A body recovered on Wednesday from the crashed AirAsia plane was wearing a life jacket, an official with Indonesia's search and rescue agency said, raising questions about how the disaster unfolded.
Indonesian rescuers believe they have found the wreck of a crashed AirAsia plane on the ocean floor off Borneo, after sonar detected a large, dark object beneath waters where debris and bodies were found floating.
Ships and planes had been scouring the Java Sea for Flight QZ8501 (an Airbus A320-200) since Sunday, when it lost contact during bad weather about 40 minutes into its flight from the Indonesian city of Surabaya to Singapore.
Indonesian rescuers have recovered various bits of debris, including luggage, and seven bodies floating in shallow waters.
"It's about 30 to 50 metres (100 to 165 feet) underwater," Hernanto, head of the search and rescue agency in Surabaya, said of the object on the sea bed.
Authorities in Surabaya were making preparations to receive and identify bodies, including arranging 130 ambulances to take victims to a police hospital and collecting DNA from relatives.
"We are praying it is the plane so the evacuation can be done quickly," Hernanto said.
Most of the people on board were Indonesians. No survivors have been found.
Airbus, the world's leading aircraft manufacturer, said the Indonesian authorities had informed them that the accident site had been located.
"The company wishes to offer the sincere sympathies of its management and staff to all those who have been affected by the loss of this aircraft.
"With safety as its prime concern, Airbus reaffirms its full commitment to provide all necessary technical assistance to the investigation authorities in order to establish the cause of this tragic accident," the statement said.
Rescue officials said waves two to three metres (six to nine feet) high and winds were hampering the hunt for wreckage and preventing divers from searching the crash zone.
Among the bodies found on Wednesday was a flight attendant. The fully clothed bodies could indicate the Airbus A320-200 was intact when it hit the water and support a theory that it suffered an aerodynamic stall.
"The fact that the debris appears fairly contained suggests the aircraft broke up when it hit the water, rather than in the air," said Neil Hansford, a former pilot and chairman of consultancy firm Strategic Aviation Solutions.
Also, the fact that one person put on a life jacket would appear to indicate those on board had at least some time before the aircraft hit the water, or after it hit the water and before it sank.
Indonesian President Joko Widodo said his priority was retrieving the bodies.
"I feel a deep loss over this disaster and pray for the families to be given fortitude and strength," Widodo said in Surabaya on Tuesday after grim images of the scene in the Java Sea were broadcast on television.
Widodo said AirAsia would pay an immediate advance of money to relatives, many of whom collapsed in grief when they saw the television pictures from the search.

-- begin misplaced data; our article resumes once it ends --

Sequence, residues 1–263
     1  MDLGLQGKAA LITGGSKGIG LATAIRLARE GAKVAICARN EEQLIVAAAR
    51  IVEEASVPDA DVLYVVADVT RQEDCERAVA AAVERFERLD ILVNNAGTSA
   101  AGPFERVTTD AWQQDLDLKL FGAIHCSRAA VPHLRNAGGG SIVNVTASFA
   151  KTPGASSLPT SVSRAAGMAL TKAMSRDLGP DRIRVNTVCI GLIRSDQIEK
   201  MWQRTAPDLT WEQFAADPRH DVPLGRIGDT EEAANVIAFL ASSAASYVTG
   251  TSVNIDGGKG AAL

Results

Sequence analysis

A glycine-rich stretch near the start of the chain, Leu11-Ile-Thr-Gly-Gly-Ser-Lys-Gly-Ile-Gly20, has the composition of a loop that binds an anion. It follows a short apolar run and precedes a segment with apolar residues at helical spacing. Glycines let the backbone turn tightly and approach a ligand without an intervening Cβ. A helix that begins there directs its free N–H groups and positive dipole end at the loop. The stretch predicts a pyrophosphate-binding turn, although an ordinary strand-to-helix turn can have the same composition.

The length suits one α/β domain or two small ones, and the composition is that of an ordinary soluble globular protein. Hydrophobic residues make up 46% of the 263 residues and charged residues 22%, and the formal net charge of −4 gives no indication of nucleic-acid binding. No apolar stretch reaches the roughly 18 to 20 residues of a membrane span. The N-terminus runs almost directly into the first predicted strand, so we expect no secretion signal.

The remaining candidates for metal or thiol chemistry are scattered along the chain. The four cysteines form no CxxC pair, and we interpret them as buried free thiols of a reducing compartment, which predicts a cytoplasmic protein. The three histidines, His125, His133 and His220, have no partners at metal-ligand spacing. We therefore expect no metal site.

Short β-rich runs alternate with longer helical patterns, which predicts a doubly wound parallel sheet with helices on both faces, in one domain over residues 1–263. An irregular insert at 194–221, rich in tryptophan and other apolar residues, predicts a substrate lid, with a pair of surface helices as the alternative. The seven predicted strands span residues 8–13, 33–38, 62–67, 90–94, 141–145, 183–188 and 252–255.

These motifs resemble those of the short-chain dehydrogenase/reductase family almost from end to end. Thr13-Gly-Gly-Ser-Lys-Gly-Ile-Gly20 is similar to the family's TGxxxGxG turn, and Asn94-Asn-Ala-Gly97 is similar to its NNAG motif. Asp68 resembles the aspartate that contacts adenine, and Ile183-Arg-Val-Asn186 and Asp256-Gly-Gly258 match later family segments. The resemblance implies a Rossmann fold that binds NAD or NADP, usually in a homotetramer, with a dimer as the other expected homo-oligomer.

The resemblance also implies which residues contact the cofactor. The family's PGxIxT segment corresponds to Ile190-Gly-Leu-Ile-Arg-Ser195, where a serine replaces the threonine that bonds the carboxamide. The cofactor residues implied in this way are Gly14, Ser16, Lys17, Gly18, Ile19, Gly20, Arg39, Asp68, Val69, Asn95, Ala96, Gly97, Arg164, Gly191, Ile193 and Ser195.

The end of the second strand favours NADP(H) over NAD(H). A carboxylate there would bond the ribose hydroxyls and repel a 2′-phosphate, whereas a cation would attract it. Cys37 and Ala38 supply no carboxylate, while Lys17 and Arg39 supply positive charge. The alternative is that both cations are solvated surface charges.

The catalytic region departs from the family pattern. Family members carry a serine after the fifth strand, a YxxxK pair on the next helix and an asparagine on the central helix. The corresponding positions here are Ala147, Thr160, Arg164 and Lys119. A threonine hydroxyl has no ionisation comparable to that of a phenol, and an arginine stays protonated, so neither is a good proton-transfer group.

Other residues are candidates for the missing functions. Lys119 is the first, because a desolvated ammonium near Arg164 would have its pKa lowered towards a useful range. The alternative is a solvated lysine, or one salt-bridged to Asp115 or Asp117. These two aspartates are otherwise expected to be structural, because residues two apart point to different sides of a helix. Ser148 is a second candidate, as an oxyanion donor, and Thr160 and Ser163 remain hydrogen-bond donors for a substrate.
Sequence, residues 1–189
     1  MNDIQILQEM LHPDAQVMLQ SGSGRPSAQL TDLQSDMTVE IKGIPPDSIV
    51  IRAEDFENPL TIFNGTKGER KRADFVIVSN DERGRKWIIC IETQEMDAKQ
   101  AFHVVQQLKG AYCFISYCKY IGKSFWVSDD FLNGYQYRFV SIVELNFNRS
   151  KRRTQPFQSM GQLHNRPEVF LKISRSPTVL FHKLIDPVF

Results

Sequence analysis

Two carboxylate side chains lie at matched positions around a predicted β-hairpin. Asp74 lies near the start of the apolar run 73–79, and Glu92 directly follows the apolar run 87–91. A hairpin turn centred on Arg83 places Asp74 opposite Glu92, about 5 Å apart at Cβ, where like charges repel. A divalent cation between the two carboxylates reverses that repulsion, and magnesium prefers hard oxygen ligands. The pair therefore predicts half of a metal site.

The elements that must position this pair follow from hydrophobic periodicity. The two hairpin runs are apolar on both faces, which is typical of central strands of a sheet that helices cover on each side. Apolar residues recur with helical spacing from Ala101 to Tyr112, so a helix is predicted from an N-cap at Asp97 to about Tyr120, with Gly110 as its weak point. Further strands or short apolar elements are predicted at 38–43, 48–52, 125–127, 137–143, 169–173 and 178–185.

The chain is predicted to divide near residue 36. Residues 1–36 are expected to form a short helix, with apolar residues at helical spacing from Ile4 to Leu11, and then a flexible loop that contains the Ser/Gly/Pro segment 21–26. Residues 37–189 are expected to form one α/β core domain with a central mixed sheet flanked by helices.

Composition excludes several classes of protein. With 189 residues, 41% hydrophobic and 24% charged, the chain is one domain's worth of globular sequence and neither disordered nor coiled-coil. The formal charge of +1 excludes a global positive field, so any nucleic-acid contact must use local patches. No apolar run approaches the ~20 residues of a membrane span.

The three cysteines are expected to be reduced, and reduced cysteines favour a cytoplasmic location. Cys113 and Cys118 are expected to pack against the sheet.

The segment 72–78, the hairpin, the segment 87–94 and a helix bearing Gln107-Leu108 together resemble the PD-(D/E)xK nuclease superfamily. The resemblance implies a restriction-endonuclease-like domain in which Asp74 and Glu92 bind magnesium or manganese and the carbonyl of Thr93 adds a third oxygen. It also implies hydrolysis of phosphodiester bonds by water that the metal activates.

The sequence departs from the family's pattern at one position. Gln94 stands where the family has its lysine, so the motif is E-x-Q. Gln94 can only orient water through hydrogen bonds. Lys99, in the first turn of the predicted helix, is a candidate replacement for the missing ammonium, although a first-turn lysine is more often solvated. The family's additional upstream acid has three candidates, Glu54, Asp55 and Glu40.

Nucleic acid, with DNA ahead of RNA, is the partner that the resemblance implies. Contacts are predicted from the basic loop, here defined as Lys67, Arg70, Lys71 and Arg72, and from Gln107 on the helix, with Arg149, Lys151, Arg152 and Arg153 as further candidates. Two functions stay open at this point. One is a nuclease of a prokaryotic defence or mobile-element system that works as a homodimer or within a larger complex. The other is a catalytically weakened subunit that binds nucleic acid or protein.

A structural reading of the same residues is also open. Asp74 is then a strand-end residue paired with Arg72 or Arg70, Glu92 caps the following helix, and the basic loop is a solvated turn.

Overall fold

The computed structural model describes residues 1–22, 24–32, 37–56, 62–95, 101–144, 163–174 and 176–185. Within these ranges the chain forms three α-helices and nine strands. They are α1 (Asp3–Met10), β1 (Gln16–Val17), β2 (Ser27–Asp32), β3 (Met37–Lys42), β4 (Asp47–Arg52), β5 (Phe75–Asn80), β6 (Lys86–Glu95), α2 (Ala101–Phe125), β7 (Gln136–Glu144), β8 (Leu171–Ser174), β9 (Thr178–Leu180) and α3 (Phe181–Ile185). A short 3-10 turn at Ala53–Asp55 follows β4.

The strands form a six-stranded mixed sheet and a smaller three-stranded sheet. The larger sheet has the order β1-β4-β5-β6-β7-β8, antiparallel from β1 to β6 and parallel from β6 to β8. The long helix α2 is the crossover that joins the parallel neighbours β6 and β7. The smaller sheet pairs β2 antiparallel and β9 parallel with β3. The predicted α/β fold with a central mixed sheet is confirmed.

AirAsia chief executive Tony Fernandes has described the crash as his "worst nightmare".
About 30 ships and 21 aircraft from Indonesia, Australia, Malaysia, Singapore, South Korea and the United States have been involved in the search.
Singapore said it was sending two underwater beacon detectors to try to pick up pings from the black boxes, which contain cockpit voice and flight data recorders.
No distress call
The plane, which did not issue a distress signal, disappeared after its pilot failed to get permission to fly higher to avoid bad weather because of heavy air traffic.
It was travelling at 32,000 feet (9,753 metres) and had asked to fly at 38,000 feet. When air traffic controllers granted permission for a rise to 34,000 feet a few minutes later, they received no response.
Online discussion among pilots has centred on unconfirmed secondary radar data from Malaysia that suggested the aircraft was climbing at a speed of 353 knots, about 100 knots too slow, and that it might have stalled.
Investigators are focusing initially on whether the crew took too long to request permission to climb, or could have ascended on their own initiative earlier, said a source close to the inquiry, adding that poor weather could have played a part as well.
A Qantas pilot with 25 years of experience flying in the region said the discovery of the debris field relatively close to the last known radar plot of the plane pointed to an aerodynamic stall. One possibility is that the plane's instruments iced up, giving the pilots inaccurate readings.
The Indonesian captain, former air force fighter pilot with 6,100 flying hours under his belt, was experienced and the plane last underwent maintenance in mid-November, said the airline, which is 49% owned by Malaysia-based budget carrier AirAsia.
Three airline disasters involving Malaysian-affiliated carriers in less than a year have dented confidence in the country's aviation industry and spooked travellers.
Malaysia Airlines Flight MH370 went missing in March on a trip from Kuala Lumpur to Beijing with 239 passengers and crew and has not been found. On July 17, the same airline's Flight MH17 was shot down over Ukraine, killing all 298 people on board.
On board Flight QZ8501 were 155 Indonesians, three South Koreans, and one person each from Singapore, Malaysia and Britain. The co-pilot was French.
The AirAsia group, including affiliates in Thailand, the Philippines and India, had not suffered a crash since its Malaysian budget operations began in 2002.
Video: Bodies of AirAsia crash victims brought to land
Full coverage:AirAsia Flight QZ8501